Location impacts overall health and “chances of leading flourishing lives.”[10] Location affects the daily living conditions that people endure which in turn have an impact on health equity. There are various differences between urban and rural living conditions.[10] According to the 2011 Latin American Report on Poverty and Inequality, over the past decade, both national and urban inequality have decreased, yet rural inequality has increased.[15] World Bank data reports that about 61% of those living in rural areas live in extreme poverty.[15] The major causes for such social and economic gaps between these two sectors come from “a manifestation of spatially-differentiated patterns of economic development.”[15][16] A major factor to such disparity is the “absence of rural development policy planning,” especially because the “highest public spending on rural development benefits the country’s richest states. “[15][16]


The low enrollment can be correlated with the need for Mexican families to utilize all means to an income and having the whole family seek employment, even at a young age.[13] A factor that can affect the low student-achievement is the matter of children lacking focus as a result of nutritional deprivation.[13] Health indirectly influences education in the same way that education indirectly influences the health of an individual.

Level of educational attainment is a major determinant of health in Mexico. More education generally leads to increased income, better employment opportunities, and improved living conditions; these, in turn, lead to improved health.[10] The educational system in Mexico has witnessed low enrollment as well as low student-achievement.[13] According to the United Nations Educational, Scientific, and Cultural Organization (UNESCO) Institute for Statistics, 99% of children are enrolled in pre-primary school.[14] Furthermore, 96% of girls and 95% of boys are in primary school.[14] Evaluating data on secondary schools across the nation, only 69% of girls and 66% of boys are enrolled in secondary education.[14] The data also shows that 28% of the population of tertiary age are in tertiary education.[14]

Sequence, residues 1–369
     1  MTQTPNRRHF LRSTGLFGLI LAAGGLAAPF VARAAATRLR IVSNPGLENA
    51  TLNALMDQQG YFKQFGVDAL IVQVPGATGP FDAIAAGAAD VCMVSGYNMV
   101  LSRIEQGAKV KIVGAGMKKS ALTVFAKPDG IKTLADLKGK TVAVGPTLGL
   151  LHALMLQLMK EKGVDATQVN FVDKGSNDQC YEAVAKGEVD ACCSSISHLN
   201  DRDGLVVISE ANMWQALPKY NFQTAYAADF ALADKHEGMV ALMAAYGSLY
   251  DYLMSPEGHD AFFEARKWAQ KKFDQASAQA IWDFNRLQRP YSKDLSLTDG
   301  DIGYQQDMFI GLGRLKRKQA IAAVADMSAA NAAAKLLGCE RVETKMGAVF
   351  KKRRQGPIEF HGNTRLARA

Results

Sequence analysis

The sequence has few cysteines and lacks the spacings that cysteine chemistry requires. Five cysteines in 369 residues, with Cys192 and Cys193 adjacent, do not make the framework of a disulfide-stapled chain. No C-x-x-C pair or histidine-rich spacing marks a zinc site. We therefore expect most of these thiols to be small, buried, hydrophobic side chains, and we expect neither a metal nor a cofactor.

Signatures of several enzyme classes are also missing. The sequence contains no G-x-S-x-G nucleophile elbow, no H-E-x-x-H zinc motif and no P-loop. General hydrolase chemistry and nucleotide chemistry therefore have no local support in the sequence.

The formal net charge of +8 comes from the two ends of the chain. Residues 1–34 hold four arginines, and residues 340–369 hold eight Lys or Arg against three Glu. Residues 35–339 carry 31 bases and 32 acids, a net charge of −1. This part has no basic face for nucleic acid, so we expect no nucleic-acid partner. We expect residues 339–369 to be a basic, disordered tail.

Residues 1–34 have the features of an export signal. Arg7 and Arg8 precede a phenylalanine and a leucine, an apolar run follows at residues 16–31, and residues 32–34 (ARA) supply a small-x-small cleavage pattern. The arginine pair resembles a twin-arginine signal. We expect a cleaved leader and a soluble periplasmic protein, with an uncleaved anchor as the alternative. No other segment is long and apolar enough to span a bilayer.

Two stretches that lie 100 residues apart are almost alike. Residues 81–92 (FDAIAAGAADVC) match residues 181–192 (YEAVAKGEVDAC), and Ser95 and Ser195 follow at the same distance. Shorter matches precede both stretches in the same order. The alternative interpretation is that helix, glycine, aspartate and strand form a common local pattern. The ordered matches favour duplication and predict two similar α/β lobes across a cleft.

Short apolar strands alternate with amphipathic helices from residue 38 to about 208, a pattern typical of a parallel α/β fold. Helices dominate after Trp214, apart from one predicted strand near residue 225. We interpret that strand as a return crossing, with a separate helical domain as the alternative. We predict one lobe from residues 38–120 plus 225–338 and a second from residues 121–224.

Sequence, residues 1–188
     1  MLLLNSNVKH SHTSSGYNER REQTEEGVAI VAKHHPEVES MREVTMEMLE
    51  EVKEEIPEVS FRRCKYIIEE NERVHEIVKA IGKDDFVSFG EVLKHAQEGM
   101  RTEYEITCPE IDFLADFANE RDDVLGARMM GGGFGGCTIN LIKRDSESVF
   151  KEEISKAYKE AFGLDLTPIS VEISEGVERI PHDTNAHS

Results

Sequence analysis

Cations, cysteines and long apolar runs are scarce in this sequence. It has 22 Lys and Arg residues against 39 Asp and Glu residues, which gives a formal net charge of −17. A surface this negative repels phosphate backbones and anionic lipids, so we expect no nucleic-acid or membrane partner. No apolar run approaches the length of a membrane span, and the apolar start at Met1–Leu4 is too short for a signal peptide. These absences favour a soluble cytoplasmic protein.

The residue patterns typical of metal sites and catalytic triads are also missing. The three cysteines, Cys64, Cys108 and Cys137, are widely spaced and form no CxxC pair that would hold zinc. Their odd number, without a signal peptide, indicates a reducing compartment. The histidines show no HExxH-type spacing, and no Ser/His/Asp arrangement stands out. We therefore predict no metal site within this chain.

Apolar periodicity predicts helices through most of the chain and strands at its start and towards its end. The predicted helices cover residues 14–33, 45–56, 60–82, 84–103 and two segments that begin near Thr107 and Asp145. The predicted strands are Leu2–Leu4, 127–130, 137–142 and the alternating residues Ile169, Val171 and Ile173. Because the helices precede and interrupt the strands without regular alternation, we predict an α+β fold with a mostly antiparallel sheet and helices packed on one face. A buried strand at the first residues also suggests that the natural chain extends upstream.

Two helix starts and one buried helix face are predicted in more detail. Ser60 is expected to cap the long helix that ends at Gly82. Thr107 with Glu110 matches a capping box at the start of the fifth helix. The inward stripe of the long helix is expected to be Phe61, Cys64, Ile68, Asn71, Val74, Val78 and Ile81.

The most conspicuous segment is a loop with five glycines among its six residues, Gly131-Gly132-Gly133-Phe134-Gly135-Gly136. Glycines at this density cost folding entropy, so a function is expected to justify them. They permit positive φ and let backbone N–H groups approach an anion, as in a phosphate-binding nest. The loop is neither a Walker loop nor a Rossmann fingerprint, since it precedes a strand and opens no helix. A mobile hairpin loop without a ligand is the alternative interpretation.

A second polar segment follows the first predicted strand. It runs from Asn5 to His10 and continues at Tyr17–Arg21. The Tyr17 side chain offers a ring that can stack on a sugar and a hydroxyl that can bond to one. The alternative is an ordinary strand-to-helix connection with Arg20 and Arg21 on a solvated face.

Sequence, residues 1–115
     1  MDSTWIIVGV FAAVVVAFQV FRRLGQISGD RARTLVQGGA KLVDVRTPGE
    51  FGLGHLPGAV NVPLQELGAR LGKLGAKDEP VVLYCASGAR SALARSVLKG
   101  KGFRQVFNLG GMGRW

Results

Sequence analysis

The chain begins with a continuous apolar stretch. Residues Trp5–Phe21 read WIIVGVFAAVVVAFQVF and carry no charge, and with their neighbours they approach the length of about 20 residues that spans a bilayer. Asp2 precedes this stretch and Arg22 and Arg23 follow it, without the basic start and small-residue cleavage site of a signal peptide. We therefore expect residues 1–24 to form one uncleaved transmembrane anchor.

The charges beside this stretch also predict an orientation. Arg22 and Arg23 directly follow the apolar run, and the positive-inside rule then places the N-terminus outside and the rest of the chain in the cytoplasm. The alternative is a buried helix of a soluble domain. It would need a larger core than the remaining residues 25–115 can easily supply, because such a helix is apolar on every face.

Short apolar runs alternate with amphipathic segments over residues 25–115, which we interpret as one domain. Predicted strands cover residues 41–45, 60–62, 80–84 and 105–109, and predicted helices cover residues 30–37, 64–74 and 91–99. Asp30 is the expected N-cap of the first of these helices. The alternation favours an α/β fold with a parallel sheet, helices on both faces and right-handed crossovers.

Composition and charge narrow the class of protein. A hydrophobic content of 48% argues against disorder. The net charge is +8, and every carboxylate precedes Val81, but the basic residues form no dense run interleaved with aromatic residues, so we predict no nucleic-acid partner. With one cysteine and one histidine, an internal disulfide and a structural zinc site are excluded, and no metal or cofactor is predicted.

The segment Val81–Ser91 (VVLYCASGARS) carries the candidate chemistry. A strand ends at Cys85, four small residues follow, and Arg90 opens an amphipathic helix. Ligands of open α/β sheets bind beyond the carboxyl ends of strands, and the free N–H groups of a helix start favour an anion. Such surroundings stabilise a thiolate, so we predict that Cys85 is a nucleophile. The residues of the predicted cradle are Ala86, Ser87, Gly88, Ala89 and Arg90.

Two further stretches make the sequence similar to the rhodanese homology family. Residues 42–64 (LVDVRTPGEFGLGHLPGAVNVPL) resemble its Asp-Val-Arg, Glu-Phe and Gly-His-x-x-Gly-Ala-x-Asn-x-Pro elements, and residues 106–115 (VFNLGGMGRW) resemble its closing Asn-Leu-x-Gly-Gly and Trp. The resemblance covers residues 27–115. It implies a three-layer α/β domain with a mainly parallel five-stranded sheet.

[8] This gender inequality produces a gender bias that favors men. Women then lack the necessary access to resources such as medical care, transportation, and nutrition.[9] This explains the “26 percent of equality with men in the political sphere” and that of “42 percent within the economic and legal spheres.”[12] The gender inequity can be emphasized with the fact that there has not been “a female head of state and has had very few female cabinet members.”[12] The median wage for female skilled technicians is 97.3 percent of what their male counterparts make, teachers with 97.6 percent, and female industrial supervisors make 68.4 percent of what males make in that same field.[12] With results like these, Mexico witnesses a huge gender bias that could explain major problems that emerge from within the household as well as those that partake in the work force. In the Mexican work force, women generally receive lower wages than men, even with educational levels taken into consideration.[11] According to the 2012 National Survey of Health and Nutrition (ENSANUT), 38 percent of Mexican women aged 20–29 suffer abuses at home with more than 34.9 percent in public.[10]